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    As a third Canadian citizen has now been detained in China, in what is almost certainly a tit-for-tat response to the arrest of Huawei CFO Meng Wanzhou in Vancouver, I feel compelled to write something about this escalating and nasty situation we seem to have gotten ourselves into. It's a complicated issue, to be sure, so I'm going to try my best to stick to the facts.

    FACT: Canada is not America's stooge.

    The demands to free Huawei's CFO fail to recognize this country's rule of law. Canada has a long-standing extradition treaty with the United States, and we had a legal obligation to make the arrest on their behalf.

    FACT: Other parties have violated sanctions without facing arrest.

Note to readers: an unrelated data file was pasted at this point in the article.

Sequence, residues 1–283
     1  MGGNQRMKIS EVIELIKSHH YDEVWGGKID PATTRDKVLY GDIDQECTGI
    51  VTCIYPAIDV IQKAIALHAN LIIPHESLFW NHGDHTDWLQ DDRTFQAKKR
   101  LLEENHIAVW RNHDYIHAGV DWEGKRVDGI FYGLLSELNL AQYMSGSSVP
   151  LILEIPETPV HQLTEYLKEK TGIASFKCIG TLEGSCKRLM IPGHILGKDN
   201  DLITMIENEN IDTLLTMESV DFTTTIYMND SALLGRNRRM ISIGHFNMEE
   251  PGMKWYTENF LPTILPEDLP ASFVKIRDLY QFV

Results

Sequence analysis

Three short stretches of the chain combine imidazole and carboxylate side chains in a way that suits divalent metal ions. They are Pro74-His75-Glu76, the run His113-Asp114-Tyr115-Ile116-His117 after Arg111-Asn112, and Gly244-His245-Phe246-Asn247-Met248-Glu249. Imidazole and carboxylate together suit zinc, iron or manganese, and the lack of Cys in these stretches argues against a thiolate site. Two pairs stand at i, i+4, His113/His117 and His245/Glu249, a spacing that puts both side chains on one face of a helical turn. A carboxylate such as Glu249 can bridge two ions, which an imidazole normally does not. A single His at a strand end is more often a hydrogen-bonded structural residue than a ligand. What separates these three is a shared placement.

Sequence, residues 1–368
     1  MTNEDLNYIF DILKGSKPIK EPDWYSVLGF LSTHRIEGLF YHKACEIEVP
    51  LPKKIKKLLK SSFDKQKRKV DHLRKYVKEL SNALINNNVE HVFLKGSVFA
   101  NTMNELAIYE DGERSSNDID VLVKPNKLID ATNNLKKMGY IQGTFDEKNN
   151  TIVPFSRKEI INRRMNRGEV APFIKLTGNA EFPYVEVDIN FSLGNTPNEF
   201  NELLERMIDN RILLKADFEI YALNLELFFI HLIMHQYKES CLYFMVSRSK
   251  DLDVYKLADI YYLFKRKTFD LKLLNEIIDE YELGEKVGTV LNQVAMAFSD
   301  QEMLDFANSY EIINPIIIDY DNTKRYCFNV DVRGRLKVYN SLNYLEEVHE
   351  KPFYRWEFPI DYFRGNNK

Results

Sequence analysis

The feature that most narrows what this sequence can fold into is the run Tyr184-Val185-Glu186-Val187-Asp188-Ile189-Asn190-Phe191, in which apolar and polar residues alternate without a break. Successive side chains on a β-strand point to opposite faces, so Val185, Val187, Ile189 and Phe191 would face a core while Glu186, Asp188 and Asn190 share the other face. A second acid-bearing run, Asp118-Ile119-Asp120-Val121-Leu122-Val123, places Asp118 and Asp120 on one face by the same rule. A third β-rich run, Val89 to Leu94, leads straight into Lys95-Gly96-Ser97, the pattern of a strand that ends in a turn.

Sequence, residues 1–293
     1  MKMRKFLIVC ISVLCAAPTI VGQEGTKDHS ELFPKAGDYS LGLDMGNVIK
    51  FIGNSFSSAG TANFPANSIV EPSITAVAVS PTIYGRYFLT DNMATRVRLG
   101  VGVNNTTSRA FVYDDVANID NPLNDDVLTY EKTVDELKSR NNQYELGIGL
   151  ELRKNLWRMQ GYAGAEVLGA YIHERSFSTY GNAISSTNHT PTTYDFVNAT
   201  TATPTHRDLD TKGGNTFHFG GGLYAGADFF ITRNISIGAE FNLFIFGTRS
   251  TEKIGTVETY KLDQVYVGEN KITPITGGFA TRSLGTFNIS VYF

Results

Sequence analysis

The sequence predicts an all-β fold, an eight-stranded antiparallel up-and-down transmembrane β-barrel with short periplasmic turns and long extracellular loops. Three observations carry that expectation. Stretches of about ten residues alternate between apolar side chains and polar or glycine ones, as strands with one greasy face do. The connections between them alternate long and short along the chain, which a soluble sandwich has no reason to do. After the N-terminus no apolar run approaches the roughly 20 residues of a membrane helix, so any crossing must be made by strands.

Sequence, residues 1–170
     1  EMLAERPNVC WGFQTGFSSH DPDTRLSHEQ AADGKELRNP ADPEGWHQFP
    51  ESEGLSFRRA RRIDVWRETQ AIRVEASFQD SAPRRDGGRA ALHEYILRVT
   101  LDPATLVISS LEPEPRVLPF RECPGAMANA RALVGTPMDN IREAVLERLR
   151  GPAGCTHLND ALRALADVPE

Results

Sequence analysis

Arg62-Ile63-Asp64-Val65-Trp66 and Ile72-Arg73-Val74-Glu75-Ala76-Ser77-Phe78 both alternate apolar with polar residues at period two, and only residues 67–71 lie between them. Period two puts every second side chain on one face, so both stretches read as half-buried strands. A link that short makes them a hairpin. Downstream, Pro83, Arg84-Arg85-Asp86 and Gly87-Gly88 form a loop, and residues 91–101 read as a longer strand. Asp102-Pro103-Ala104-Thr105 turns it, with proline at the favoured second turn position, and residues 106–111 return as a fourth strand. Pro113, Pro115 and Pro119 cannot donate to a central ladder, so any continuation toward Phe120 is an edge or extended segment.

Meng and Huawei aren't the only parties guilty of violating U.S. sanctions against Iran. As discussed in a recent episode of the CANADALAND Short Cuts podcast, up to five financial institutions in North America have violated of these same sanctions:

    Bank of America
    HSBC
    ING
    JP Morgan Chase
    Toronto Dominion Bank

    At present I can only confirm HSBC and Iran. But if even they're the only other guilty party here, where are the arrests at HSBC? Just something to keep in mind when we get to the end of this.

    FACT: The feared "backdoor" in Huawei equipment has yet to be proven.

    The usually media-shy Chinese company has issued a public challenge to prove that there's a security risk present in their equipment. While it is true that Nortel was at least partly undone by corporate espionage at the hands of Chinese hackers, to my knowledge there has been no direct link to Huawei.

    OBSERVATION: We seem to have conveniently forgotten Snowden.

    Mising in almost every discussion of Huawei are the 2013 revelations of Edward Snowden. Whether you think he's a hero or a traitor, no one has denied the warrantless surveillance that he revealed to the world only a few years ago.